curiosity asking what they could do to make sure they educate their kids right, some would ask

what services we offer and how they could get in touch with a rehabilitation service that will

help them quit.

The responses elicited from the informational tables were very diverse and very different

from what I was expecting since I didnt really understand the complexities this conversation

unveiled until I was fully immersed into the Arab culture. It was a very eye opening experience

since I was able to recite the information I learned directly from class about how Tobacco is very

bad for your health while also experiencing the diverse reactions presented from the community.

One of the biggest lessons I learned from this experience is that any little gesture counts. Yes,

some people were embarrassed about the truth our tables contained and refused to stop by it at

the moment, but that encounter would lead to them asking themselves questions about the drugs
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they see in their everyday life. This is how ACCESS made an impact by hosting informational

tables within the schools during parent teacher conference.

ACCESS not only hosted informational tables in elementary, middle and high schools,

but also hosted these tables within the different police departments to ensure broad coverage. I

got the experience to volunteer as a part of their community outreach in Dearborn Heights Police

Department. Volunteering in the police department was an unique experience since the majority

of the people that came up to the table in this setting were people that already got in trouble for

using drugs and a good portion of them were also people that got court-mandated

drug-rehabilitation. These were people that engaged in more drug cessation conversations

compared to the drug-prevention conversations that took place in the elementary, middle and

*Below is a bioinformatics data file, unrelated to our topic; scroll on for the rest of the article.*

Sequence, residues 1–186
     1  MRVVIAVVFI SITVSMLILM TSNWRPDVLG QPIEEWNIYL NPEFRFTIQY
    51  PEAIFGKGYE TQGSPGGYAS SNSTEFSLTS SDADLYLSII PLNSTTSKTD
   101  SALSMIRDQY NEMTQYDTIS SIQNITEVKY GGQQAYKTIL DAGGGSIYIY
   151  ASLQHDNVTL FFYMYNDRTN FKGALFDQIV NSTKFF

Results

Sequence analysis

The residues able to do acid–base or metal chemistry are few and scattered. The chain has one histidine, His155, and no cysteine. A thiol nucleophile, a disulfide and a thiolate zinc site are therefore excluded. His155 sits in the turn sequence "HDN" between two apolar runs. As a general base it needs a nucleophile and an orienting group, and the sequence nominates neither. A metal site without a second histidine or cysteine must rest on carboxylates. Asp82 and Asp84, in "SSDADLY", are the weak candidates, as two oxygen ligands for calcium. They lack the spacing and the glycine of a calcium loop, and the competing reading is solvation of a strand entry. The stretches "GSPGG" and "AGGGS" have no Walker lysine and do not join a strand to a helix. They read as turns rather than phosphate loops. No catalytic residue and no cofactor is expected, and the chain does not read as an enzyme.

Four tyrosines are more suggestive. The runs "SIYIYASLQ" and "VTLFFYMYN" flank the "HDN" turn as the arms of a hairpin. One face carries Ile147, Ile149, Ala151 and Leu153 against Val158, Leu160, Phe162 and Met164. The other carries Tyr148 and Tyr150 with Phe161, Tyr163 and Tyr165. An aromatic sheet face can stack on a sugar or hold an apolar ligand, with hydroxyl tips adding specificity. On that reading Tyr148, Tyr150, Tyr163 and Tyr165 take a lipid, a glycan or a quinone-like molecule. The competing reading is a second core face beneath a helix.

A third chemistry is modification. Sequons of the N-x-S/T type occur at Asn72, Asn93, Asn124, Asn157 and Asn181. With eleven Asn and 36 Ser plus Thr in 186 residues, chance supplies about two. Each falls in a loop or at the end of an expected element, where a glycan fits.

high schools. I also got to meet the Chief of the Dearborn Police Department and have a

conversation about why the youth is turning towards vaping and marijuana nowadays. I was able

to utilize the knowledge I had gained from PSY 2080 in this conversation.

Another aspect of ACCESS that I got to experience was to be a part of the ASAP

Community Coalition meetings that hosted professionals from all over the state in Dearborn. The

meetings are held every month and are done for everyone to discuss what is being done by every

member and what will be done in the next month. During my first Coalition meeting I also got to

sit in on a lecture about the problems counties are having with finding enough beds at the drug

rehabilitation centers. It turns out Monroe county has a program put in place called the Angel

Program which allows drug addicts to walk into their local police station and ask for help with

their drug-abuse problems. It allows them to be placed into a drug rehabilitation service with

immunity as long as no charges are currently being placed against them. This program is
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significant because it introduces a new way to fight the war on drugs by allowing the police

department to help individuals that are repeat criminals due to their addiction to drugs. I was

astonished at the description of this program because it was a proactive solution to what I was

learning in class about the opioid epidemic with the rising number of people getting addicted to

substances. I immediately looked up whether the Angel Program or a derivative of it was in

place in Wayne County. To my dismay it was not.

I couldnt believe that the city that needed it the most (Detroit) was not benefitting from

such a proactive solution and decided that I would investigate more about it. I found out through

talking to several professionals after the meeting that the problem was lack of resources and

money in the infrastructure of Detroit. At this same time I heard about the club Optimize the

social innovation challenge that provides funding and so I took this as an opportunity to make

this idea into a reality. I am currently in the process of utilizing both the knowledge I have

learned from the class PSY 2080 and the knowledge I have learned from the service learning

opportunity with the partnership with ACCESS in Dearborn to create a positive social innovation

solution in the upcoming semester.

In conclusion, I have gained a lot of knowledge from both my class PSY 2080

Introduction to Drugs, Behavior and Society as well as from volunteering with my community

partner ACCESS in dearborn through this semester. The information and facts learned from PSY

2080 helped immensely in sustaining conversations within the service learning while the social

and behavioral knowledge I learned within my service learning helped me understand how to

start these conversations in the first place. I will be using the knowledge I have gained from both
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these opportunities to take a step further in participating in the social innovation challenge

Optimize Wayne.